Thanks, George: How America Avoided Egypt’s Fate





Chris Myers Asch teaches history at the University of the District of Columbia and coordinates UDC's National Center for Urban Education. A graduate of Duke University with a Ph.D. in American History from the University of North Carolina, he is an alumnus of Teach For America and an Echoing Green Fellow. He co-founded the Sunflower County Freedom Project in 1998 and the U.S. Public Service Academy initiative in 2006. His first book, "The Senator and the Sharecropper: The Freedom Struggles of James O. Eastland and Fannie Lou Hamer" (paperback, University of North Carolina Press, 2011) earned the Liberty Legacy Foundation Prize from the Organization of American Historians and the McLemore Prize from the Mississippi Historical Society.

Stepping down is hard to do.

Egyptian President Hosni Mubarak is the latest example of a ruler who simply cannot let go of power.  As the masses demonstrate for democracy in Tahrir Square, the octogenarian Mubarak stubbornly refuses to go gently into the night.  “Power concedes nothing without a demand,” the great abolitionist Frederick Douglass observed.  “It never has and it never will.”  Examples of Douglass’s dictum abound.  From Muammar al-Gaddafi in Libya to Kim Jong Il in North Korea, powerful, long-standing dictators remain entrenched across the globe.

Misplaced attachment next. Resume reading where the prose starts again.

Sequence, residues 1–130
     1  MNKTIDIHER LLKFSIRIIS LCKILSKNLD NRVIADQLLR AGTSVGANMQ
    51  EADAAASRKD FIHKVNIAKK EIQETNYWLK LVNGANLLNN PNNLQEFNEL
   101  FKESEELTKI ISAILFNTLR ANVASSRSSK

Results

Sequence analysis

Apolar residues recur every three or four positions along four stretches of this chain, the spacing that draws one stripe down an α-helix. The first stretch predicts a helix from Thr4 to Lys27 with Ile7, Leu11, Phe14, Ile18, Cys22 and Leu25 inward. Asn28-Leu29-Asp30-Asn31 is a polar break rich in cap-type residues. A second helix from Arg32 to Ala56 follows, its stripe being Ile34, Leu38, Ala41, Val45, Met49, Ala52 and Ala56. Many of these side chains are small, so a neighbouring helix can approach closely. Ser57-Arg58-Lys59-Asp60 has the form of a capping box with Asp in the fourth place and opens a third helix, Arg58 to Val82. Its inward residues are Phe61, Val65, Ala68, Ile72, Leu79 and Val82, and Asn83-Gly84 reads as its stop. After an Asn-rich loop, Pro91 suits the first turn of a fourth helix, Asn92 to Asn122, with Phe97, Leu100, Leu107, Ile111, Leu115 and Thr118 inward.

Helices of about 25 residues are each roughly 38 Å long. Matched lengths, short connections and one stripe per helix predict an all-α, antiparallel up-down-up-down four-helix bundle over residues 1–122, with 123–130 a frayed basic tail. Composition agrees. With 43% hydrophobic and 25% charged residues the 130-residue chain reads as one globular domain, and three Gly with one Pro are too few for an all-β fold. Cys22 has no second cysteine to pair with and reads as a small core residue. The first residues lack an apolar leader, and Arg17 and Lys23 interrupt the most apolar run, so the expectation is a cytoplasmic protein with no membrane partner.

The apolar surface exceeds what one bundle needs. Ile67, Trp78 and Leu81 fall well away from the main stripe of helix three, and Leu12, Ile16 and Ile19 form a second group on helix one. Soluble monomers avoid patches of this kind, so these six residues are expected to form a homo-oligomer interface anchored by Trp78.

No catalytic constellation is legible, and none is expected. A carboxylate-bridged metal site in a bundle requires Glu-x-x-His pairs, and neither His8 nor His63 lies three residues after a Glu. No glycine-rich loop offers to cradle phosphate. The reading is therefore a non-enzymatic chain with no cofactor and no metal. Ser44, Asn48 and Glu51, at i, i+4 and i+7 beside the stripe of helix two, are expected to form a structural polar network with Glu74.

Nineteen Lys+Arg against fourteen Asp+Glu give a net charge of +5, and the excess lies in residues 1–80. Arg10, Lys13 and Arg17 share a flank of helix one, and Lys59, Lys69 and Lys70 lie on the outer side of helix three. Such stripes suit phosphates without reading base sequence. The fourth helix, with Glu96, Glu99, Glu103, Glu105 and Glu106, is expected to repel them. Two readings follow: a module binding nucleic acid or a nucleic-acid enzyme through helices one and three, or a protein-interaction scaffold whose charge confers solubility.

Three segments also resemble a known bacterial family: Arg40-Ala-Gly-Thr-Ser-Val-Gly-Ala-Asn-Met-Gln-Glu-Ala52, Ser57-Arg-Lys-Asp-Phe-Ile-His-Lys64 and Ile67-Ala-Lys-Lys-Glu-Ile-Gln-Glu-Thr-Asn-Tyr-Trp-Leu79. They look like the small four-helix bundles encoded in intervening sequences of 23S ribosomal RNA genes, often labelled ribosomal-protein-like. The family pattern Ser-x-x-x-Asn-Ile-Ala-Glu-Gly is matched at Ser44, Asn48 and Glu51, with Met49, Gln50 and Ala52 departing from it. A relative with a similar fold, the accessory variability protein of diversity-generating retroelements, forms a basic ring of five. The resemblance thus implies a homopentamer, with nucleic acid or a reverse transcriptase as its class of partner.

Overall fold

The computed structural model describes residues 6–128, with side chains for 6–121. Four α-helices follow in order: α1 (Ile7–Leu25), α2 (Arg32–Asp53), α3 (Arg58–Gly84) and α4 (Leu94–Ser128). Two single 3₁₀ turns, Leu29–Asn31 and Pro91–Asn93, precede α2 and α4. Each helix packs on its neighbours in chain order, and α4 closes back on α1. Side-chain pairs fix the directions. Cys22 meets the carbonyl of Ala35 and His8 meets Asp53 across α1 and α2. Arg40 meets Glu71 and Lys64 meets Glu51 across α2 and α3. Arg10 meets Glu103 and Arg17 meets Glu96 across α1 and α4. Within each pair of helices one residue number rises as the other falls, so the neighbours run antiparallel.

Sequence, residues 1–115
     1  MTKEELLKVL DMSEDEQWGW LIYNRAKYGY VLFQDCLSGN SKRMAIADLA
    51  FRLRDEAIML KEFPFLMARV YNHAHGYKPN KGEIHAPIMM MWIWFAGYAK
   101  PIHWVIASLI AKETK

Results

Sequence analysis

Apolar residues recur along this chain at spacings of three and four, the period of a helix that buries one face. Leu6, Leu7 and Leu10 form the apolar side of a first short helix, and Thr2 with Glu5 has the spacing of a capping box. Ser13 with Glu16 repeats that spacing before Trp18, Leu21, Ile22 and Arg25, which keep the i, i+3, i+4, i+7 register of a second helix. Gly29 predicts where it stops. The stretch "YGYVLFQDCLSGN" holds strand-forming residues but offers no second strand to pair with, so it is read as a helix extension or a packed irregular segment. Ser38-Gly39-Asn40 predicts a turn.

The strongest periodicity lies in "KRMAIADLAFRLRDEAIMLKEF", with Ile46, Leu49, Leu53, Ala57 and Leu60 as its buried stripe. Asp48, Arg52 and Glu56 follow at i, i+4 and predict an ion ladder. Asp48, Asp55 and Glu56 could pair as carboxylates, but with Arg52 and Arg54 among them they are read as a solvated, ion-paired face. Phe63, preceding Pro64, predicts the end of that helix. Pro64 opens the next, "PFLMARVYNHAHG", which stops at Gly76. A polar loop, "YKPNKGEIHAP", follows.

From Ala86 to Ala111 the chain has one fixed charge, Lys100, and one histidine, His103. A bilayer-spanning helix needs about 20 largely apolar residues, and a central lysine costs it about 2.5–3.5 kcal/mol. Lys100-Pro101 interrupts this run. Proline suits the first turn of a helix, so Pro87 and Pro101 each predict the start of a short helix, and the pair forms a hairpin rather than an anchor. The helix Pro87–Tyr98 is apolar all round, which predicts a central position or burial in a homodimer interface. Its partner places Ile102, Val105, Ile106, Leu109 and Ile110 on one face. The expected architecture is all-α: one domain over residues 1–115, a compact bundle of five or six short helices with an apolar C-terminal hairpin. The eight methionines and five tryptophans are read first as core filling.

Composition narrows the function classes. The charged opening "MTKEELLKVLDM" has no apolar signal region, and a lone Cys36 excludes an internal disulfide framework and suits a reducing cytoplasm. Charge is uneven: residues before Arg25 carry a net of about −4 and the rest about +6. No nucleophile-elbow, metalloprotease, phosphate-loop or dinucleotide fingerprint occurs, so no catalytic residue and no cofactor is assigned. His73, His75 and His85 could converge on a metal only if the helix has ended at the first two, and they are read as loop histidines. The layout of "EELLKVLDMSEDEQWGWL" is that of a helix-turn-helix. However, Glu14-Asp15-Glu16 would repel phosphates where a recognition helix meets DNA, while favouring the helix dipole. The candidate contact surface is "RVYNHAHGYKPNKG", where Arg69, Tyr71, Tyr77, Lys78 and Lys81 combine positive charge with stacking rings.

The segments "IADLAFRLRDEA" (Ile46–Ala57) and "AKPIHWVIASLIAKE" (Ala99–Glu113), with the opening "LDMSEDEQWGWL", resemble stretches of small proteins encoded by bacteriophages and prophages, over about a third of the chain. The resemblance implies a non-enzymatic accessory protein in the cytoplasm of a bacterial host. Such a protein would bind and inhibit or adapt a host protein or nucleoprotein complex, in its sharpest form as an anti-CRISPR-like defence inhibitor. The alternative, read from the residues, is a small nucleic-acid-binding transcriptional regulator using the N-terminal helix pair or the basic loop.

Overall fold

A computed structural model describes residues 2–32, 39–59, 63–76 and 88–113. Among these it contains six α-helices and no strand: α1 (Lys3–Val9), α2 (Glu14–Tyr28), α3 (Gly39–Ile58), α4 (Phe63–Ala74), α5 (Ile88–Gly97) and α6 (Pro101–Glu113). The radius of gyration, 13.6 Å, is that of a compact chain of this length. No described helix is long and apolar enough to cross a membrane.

Perhaps no continent has suffered more from the unwillingness of leaders to step down than Africa.  The intoxicating democratic excitement accompanying the overthrow of colonial regimes in the 1950s and 1960s has given way to half a century of disappointment.  From Angola to Zimbabwe, from Equatorial Guinea to Tunisia, too many African nations have suffered from despotic rulers who combine corruption and brutality to remain in power for decades.

Rare is the nation that can sustain a democratic revolution.  So how has America managed to avoid the temptations of totalitarianism and remain committed to peaceful, voter-driven transfers of power?

One major reason is George Washington.

Washington, paradoxically, is perhaps our most underappreciated president.  The aging fuddy-duddy who gazes impassively from our dollar bills certainly is no longer “first in the hearts of his countrymen,” as Henry Lee eulogized.  Where once school kids learned to revere Washington as an almost god-like figure unable to tell a lie (based in large part on Parson Weems’ essentially fictional account of Washington’s life), many Americans now see him as just another hypocritical southern slaveholder.  Neither portrait does justice to the man who helped our nation avoid devolving into a monarchy or anautocracy.

Washington’s achievements certainly are extraordinary.  He led a rag-tag army to victory over the world’s mightiest power, he skillfully guided the Constitutional Convention to produce an enduring document, and he served two exceptional terms as president during a tumultuous time.  Perhaps his greatest feat, however, does not involve courageous military exploits or praiseworthy presidential leadership.  It is what separates him from Mubarak, Mugabe, Marcos, and legions of other leaders-turned-despots:  he stepped down.